Superhero Ben is a 5-year old boy that every day with a smile on his face, puts a smile on yours. He loves playing with his cousins, watching SpongeBob, asking everyone how old they are and giving the biggest hugs… always telling everyone that he loves them. He loves Boston sports, toy guns, fast cars, dinosaurs, police cars, and playing hide-and-go-seek. Unfortunately, life eventually throws us all curveballs and sometimes children don’t always get to continue the painless, fun childhood we all like to imagine. This story tells the ride Ben has traveled and will continue traveling as he fights for his life with one of the rarest cancers diagnosed in a child.
On May 28th 2014, Ben & his dad, Mike, went to an urgent care facility in NH. Earlier that week Ben had been complaining of painful headaches which led to him waking up in the morning and throwing-up. It was time to get checked out. The Doctor blamed the activity on a double ear infection. Mike, coming from a family that knows ear infections, pushed to have a diagnosis with better clarity. A CT scan determined a “large mass” inside Ben’s brain which immediately prompted an ambulance ride to Children’s Hospital in Boston. A MRI was issued at Children’s and confirmed the softball-sized mass that surrounded the left side of Ben’s brain. Surgery was scheduled and Children’s Hospital did what they do best.
The next morning a team of the *absolute best* staff and surgeons in the country (we are so lucky to be located close to Boston) were briefed and gathered to perform a grueling operation on Ben’s brain to remove this tumor from his head. To Ben, the doctor’s were “removing his headaches”. Amazingly, “the most advanced, groundbreaking operating room in the world with a built-in MRI” was freed up to perform this surgery. Updates were delivered every 90 minutes describing steady progress as the clock continued to slowly tick. Eleven hours later, a surgeon greeted the family to pronounce that they were able to extract the entire tumor and Ben is now being “put back together”. Incredible! Ben spent the next 4 days in the ICU as his head, face and body healed, later to be transferred to the 9th floor at Children’s. The next step in the process was a pathology report to diagnose what this tumor really was.
There were many rough spots, where the right side of Ben’s body wasn’t reacting normal, but a couple weeks passed and he ultimately regained all strength. Benjamin’s temperament improved dramatically and his spirits were better than ever. He even got to go back to school and see all his friends. This was an amazing experience to see how a child can go through so much and bounce right back. Now it was time to learn what this tumor really was. Dana Farber scheduled the next visit for Ben and unfortunately the news wasn’t as everyone had hoped. The doctor described the tumor in Ben’s brain as extremely rare. In medical terms it was diagnosed as a choroid plexus tumor which makes up 0.5% of all brain tumors in children, but more specifically the tumor is a choroid plexus carcinoma tumor which makes up 10-20% of all choroid plexus tumors. This malignant and rare cancer occurs in the ventricles of the brain with no known causes. Devastating.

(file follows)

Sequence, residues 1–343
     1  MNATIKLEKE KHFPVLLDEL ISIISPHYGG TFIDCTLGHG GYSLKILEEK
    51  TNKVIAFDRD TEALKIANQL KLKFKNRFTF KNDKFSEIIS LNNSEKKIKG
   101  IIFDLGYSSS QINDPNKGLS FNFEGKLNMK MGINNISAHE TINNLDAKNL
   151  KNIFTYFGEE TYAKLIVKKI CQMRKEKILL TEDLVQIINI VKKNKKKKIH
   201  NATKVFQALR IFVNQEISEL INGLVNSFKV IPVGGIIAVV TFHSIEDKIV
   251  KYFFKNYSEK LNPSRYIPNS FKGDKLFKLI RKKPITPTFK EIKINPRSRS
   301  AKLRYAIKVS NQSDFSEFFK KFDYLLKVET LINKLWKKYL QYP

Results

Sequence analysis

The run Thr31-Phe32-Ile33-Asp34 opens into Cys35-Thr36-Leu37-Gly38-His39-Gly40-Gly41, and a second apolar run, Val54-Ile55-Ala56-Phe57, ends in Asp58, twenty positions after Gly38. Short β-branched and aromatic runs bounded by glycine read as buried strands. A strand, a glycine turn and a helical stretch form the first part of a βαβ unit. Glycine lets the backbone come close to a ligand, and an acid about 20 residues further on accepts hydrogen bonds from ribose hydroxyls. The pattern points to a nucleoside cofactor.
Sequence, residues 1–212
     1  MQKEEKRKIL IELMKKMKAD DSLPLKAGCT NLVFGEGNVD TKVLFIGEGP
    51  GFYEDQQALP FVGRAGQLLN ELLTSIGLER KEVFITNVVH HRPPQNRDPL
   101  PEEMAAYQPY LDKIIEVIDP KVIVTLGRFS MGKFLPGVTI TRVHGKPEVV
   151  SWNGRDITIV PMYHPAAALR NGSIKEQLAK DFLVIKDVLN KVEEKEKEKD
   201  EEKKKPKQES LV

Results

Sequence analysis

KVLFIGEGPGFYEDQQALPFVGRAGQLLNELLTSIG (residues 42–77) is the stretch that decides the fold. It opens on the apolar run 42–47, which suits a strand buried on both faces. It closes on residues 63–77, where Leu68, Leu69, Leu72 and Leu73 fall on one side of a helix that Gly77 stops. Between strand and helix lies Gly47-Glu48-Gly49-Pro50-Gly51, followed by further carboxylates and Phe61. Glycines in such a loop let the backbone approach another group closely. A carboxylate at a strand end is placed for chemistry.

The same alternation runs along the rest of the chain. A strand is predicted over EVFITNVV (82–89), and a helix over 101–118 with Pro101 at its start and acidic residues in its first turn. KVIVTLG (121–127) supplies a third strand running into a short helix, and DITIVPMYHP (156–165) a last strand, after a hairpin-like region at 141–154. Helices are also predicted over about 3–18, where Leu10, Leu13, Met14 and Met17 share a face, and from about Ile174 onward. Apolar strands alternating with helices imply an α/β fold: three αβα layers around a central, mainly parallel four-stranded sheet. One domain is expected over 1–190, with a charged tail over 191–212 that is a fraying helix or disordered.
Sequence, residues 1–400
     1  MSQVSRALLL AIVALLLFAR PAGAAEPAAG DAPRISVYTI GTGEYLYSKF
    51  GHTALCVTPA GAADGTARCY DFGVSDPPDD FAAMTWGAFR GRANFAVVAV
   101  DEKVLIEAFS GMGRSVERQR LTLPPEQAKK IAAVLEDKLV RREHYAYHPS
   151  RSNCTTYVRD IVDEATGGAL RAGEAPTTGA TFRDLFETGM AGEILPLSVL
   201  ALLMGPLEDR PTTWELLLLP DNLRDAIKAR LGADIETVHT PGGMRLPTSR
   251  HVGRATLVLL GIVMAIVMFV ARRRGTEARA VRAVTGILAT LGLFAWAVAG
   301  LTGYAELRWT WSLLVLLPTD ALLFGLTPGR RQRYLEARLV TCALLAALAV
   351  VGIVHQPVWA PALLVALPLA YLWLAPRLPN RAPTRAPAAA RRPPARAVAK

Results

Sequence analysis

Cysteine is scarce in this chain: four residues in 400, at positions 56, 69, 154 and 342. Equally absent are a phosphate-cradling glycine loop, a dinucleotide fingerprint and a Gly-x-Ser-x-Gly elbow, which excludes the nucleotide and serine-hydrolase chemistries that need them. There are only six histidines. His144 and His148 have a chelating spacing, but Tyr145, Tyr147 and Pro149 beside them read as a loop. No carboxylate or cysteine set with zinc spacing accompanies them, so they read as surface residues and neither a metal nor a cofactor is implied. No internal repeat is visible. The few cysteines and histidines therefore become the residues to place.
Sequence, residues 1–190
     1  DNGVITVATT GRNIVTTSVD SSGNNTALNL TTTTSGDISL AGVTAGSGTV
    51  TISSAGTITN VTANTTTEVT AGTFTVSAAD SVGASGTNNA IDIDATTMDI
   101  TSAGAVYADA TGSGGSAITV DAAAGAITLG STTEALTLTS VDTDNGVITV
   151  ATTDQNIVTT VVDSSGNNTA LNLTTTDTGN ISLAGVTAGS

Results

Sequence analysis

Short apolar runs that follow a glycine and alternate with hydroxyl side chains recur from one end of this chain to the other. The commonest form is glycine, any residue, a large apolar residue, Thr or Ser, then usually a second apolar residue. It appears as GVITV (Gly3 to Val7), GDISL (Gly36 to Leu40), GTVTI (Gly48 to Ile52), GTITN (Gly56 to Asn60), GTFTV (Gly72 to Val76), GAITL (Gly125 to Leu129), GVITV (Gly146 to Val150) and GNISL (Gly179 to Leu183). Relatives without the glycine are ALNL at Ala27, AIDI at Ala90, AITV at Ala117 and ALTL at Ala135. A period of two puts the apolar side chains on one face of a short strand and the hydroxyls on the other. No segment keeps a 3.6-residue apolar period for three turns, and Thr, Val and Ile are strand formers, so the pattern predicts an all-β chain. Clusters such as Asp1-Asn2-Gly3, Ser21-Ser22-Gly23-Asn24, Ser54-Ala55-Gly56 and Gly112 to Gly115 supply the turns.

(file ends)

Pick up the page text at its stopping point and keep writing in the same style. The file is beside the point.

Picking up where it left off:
The next step required a spinal tap to determine whether or not the tumor cells traveled through the cerebral fluid to other areas of Ben’s body. Not a fun process, but as always Ben was a champ. The diagnosis came back a week later and revealed that Ben’s cancer thankfully is focused in the brain area. Treatment options were now discussed in greater detail. Dana Farber prescribes to a specific treatment for these tumors they call “Regime A”. This includes 7 treatments of chemotherapy, spending a week at a time in the hospital receiving chemo and 3 weeks out of the hospital to regain strength. Treatment, recover, repeat. The side effects of chemotherapy vary for all children but include need for transfusions, hearing loss, and weakened immune system. The family also learned that the regimen called for radiation treatment after the second chemo treatment. The effects of radiation include learning disabilities, growth retardation and delayed speech. The goal of each treatment session is that after each treatment, there are no signs of tumor growth. An MRI is done every 2 sessions.
Mike & family are going through a process of receiving a second opinion on the diagnosis and treatment plan from a doctor out of Cleveland Clinic (OH); Dr. Wolff. He has dedicated his career to specializing in these pediatric tumors and it only makes sense to have his mind involved. This may soon require a visit to Cleveland, OH with the next steps TBD. There is also the process of explaining to Ben what is happening to him and why he is going through these horrible treatments.
This cancer Ben has is rare and the ride he travels is unique, but these roads have been traveled and finish lines have been crossed before. Ben is one of the strongest, bravest kids you’ll ever meet and he will find a way to beat this.
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